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December 1935


Author Affiliations

From the Otologic Service and the Department of Laboratories of the Mount Sinai Hospital.

Arch Otolaryngol. 1935;22(6):659-688. doi:10.1001/archotol.1935.00640030677001

A review of the literature on suppuration of the petrous pyramid reveals the fact that the symptoms and signs now associated with this condition were known to pioneer otologists.

The modern concept of the disease is the result of gradual development which began with the classic description of the symptom complex by Gradenigo1 in 1904 and again in 1907. Since that time the interest of otologists in this condition has been constant. The excellent contributions of Perkins2 in 1910 and of Sears3 in 1926 have intensified this interest. The number of articles which have appeared in the recent literature evidences the increasing attention which the subject has received during the past few years. Unfortunately, numerous divergent views have been expressed with regard to the symptomatology, the pathology, the prognosis and the treatment. Considerable confusion and numerous misconceptions have thus arisen.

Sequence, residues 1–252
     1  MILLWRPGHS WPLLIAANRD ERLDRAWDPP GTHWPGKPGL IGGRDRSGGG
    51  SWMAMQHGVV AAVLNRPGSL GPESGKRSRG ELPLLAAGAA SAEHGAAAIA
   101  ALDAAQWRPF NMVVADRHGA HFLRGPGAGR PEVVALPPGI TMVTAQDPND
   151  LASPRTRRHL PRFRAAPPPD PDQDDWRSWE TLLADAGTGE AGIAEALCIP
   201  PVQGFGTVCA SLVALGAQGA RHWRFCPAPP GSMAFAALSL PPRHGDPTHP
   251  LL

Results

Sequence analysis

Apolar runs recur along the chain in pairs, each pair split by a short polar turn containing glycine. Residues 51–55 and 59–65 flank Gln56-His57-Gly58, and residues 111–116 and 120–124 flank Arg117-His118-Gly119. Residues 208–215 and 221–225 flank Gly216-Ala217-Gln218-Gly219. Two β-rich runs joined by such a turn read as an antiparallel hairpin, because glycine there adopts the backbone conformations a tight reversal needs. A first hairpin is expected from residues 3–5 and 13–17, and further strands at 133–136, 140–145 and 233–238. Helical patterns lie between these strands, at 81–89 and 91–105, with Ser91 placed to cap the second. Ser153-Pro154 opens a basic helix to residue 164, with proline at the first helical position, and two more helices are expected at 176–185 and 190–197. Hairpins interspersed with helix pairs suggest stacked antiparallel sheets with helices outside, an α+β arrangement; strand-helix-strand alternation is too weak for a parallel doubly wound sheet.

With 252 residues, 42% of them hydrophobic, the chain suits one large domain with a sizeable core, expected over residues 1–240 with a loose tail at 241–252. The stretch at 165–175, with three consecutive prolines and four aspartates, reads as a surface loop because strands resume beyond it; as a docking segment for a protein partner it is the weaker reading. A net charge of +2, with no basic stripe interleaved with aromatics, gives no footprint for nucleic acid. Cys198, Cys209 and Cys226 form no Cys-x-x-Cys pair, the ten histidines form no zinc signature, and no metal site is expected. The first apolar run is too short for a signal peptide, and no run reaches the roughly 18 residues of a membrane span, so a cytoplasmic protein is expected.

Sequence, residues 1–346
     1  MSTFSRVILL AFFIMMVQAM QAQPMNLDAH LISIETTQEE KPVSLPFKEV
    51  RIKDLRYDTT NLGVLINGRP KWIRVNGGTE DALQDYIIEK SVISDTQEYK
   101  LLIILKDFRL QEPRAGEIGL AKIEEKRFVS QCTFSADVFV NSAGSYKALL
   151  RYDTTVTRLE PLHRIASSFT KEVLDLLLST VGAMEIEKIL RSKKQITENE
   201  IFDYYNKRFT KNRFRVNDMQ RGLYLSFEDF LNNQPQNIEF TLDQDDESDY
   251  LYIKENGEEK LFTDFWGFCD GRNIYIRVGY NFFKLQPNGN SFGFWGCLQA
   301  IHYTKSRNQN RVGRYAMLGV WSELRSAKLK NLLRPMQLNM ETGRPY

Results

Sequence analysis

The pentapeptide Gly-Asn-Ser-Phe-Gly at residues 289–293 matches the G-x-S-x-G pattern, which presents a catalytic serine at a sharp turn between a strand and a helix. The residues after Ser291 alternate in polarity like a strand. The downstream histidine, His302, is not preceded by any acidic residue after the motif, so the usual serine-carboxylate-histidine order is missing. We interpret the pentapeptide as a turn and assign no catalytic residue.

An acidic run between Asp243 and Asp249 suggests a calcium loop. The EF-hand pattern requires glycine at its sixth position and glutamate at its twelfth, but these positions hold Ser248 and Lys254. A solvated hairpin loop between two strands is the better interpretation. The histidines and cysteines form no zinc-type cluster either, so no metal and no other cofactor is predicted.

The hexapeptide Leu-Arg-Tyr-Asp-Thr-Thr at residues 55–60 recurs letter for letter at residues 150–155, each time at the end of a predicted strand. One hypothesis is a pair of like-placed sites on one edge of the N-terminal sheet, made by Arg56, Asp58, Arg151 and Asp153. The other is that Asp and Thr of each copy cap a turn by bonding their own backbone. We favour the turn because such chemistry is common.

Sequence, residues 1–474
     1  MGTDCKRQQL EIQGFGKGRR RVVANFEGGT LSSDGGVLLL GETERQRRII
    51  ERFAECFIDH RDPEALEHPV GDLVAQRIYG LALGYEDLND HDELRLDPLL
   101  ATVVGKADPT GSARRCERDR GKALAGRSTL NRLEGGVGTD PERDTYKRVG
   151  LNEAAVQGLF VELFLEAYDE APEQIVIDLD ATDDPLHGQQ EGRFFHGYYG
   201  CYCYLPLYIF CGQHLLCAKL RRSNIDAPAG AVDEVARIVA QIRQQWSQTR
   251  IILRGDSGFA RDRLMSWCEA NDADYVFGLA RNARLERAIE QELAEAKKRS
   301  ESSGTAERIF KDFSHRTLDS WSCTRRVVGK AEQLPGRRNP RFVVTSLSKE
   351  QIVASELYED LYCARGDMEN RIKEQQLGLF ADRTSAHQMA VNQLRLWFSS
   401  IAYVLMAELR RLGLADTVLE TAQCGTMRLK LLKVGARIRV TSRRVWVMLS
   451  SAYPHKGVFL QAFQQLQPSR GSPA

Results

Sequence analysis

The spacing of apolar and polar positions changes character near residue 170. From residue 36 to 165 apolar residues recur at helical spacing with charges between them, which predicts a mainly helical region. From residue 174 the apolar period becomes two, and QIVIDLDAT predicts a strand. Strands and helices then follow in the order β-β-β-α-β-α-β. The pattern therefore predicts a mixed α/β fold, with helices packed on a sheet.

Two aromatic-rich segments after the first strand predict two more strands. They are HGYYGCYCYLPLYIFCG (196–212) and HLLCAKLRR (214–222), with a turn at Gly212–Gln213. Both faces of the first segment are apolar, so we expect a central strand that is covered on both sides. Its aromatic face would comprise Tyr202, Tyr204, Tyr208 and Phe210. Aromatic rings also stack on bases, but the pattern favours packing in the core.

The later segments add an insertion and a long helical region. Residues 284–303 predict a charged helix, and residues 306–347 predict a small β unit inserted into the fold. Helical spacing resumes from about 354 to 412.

In an attempt to clarify

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